"This plan has been championed as saving the MassHealth program millions while taking coverage away from no one," said Michelle Virshup, staff attorney at the Health Law Advocates. She said the imposition of new copays, even at limited cost, and "administrative barriers" can wall off access to therapies even if people are still technically covered. Virshup said, "Coverage without access is tantamount to no coverage at all."

The administration also has a plan to address the potential elimination of federal subsidies used to lowerout-of-pocket health costs of qualifying individuals. The subsidies, known as cost-sharing reductions or CSRs, were challenged in a lawsuit brought by the U.S. House against the Obama administration. Though the ruling has yet to take effect and could be overturned, a federal judge sided with the legislative branch that the payments were not properly appropriated.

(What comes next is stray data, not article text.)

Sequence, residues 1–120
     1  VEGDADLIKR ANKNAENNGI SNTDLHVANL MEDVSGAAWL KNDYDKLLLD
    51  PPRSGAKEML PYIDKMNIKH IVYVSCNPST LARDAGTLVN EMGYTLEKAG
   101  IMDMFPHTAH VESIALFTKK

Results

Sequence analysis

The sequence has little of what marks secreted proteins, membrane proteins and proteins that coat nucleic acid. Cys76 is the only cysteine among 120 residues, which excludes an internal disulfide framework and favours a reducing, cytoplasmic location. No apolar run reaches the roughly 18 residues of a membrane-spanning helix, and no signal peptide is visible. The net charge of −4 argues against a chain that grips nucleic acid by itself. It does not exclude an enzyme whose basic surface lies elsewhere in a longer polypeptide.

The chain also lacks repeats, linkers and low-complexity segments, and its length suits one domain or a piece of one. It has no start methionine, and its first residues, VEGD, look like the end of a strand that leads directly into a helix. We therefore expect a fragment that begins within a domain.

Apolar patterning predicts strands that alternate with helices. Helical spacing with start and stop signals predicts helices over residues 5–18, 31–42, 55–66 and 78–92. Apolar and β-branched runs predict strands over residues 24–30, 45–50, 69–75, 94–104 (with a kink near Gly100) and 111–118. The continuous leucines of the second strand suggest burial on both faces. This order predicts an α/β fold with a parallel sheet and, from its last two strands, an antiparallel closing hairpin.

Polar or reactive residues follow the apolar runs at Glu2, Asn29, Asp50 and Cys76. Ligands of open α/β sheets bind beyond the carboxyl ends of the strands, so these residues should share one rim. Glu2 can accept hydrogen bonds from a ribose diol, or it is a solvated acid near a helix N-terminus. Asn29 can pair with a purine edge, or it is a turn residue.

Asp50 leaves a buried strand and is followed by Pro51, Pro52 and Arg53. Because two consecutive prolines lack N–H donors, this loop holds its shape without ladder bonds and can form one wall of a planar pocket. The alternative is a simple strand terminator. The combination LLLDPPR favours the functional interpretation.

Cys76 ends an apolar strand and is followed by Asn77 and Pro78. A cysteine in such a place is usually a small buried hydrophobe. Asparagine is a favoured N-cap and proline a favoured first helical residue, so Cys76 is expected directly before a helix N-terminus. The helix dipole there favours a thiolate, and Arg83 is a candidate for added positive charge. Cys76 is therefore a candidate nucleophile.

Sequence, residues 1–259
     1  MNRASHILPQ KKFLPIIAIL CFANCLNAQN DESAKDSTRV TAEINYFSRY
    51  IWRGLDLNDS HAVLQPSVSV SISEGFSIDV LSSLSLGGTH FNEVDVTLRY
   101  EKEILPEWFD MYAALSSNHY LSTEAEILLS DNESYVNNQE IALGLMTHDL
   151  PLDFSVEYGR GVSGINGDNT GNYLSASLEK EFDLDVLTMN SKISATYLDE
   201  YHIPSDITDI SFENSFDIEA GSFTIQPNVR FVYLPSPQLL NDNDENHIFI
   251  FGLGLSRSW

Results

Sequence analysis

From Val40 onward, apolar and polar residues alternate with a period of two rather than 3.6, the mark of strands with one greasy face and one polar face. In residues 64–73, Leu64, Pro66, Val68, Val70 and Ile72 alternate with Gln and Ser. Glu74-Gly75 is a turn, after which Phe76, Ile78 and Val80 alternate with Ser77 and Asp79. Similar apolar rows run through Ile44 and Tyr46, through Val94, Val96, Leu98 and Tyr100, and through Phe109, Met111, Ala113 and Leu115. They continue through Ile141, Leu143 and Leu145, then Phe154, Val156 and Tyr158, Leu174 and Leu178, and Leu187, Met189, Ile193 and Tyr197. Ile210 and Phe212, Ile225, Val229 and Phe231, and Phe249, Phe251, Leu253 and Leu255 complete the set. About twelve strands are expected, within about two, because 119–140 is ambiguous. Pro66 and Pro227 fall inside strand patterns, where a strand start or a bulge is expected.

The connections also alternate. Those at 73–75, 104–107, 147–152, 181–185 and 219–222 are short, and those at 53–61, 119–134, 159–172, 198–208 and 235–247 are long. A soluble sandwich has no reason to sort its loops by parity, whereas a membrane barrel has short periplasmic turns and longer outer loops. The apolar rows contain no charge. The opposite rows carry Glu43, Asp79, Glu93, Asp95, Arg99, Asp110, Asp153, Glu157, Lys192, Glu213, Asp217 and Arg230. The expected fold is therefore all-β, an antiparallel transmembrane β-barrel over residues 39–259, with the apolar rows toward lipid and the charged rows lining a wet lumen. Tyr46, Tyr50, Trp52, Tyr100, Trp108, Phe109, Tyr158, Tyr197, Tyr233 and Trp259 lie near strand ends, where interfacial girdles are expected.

The elimination of CSR funding would result in hundreds of thousands of Bay State residents facing "unexpected rate increases," the Baker administration wrote in an overview of its plan, predicting that low-income residents in rural areas could lose coverage. Massachusetts insurance carriers expect to receive $132 million in CSRs in 2018, according to the Baker administration, which said uncertainty around CSR funding presents an "untenable risk" to the state's insurance market.

"Our most immediate concern and one that you are well aware of is the continuation of cost share reduction payments," Elizabeth Murphy, director of regulatory affairs for the Massachusetts Association of Health Plans, said at Friday's hearing. "The loss of these federal subsidies to assist low-income individuals in our marketplace would substantially erode our coverage gains here in Massachusetts. Neither Congress nor the Trump administration has made a commitment to continue this funding, and it's unclear whether the payments will be forthcoming."

The Baker administration has proposed establishing a premium stabilization fund in place of the CSR system, with plans to use the fund to "stabilize premiums via direct issuer reimbursement, an approach that would eliminate any consumer-facing changes to coverage costs or benefits."